There’s something so fantastic about the period clothing that we get to see everybody in, this season. What did you think of the 1930s clothing and style, as well as the other eras that you’re going to be exploring this season?
CORDOVA-BUCKLEY: I loved the clothing that I got to wear, specifically, because I felt that it was really Yo-Yo. She refuses to wear a skirt. She decides to wear high heels because, if not, she’ll give away the team and people will question why there’s a woman in the 1930s in steel-toed Doc Martin’s. She’ll sacrifice certain things, but not completely herself. I love that, with the wardrobe — you’ll see that she gives in to certain things, but she won’t wear a skirt. She doesn’t care what era it is, she’s gonna wear pants. I love that about her. I love that, during the wardrobe fitting, we were like, “Absolutely no dresses and absolutely no skirts for Yo-Yo.” There’s a very modern woman in that. There’s a woman that goes, “I need to be ready to fight. I need to be ready to run.” It’s never about looking pretty, and it’s never about the protagonist position. It’s always about, “This is who I am, and this is how I can be the best version of who I am.” I love that about her, and the wardrobe that they did for her.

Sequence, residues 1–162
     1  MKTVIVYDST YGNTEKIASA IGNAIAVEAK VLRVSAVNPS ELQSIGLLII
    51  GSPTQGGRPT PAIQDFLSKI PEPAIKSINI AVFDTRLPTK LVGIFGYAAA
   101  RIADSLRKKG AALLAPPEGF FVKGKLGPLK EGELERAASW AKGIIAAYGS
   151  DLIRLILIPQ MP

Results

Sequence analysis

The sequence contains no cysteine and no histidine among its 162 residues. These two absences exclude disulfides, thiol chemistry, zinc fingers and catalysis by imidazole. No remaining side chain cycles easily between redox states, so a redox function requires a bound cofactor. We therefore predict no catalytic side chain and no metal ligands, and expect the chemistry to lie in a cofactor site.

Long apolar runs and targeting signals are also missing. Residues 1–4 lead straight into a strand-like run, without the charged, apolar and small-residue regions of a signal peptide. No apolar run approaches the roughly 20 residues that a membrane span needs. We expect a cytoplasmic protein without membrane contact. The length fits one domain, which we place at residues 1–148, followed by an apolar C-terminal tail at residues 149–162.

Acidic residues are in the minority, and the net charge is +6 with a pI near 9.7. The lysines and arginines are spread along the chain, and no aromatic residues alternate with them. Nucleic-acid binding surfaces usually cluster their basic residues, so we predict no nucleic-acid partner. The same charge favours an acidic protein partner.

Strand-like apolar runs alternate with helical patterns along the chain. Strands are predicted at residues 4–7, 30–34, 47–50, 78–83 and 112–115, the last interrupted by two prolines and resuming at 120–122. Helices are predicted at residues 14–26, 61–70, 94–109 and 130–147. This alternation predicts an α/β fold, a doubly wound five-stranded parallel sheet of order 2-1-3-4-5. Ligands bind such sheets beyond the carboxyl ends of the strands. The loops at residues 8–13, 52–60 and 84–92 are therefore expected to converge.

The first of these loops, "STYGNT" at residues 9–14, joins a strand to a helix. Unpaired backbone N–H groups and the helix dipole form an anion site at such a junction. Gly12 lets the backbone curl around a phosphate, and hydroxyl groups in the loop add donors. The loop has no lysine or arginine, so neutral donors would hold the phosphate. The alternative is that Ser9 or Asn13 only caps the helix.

Do you have a favorite episode, in this final season?
CORDOVA-BUCKLEY: I do. I will just tease that it’s one that’s filled with May-Yo, which is May and Yo-Yo. It’s filled to the brim with the brilliant team that is May-Yo.
Were you able to get any props or mementos from the set, that you personally feel represented your character?
CORDOVA-BUCKLEY: Yes. I only asked for one thing, and I asked for it, from my first year. I got a no, every single year, and finally, on the last day, they said, “Yes, you can take that.” The only thing I asked for and the only thing I took, because I don’t believe in taking anything that’s not mine, especially because so many of those props and so much of the wardrobe is so special to the people who created it and can be used again, instead of being in my closet or in my house, were her boots. It makes me choke up a little bit, but every step Yo-Yo took, I took with those boots. I never took them off. Those are precious to me.
What will you do with them? Will you wear them? Will you frame them? Will you keep them somewhere special? Where will they live?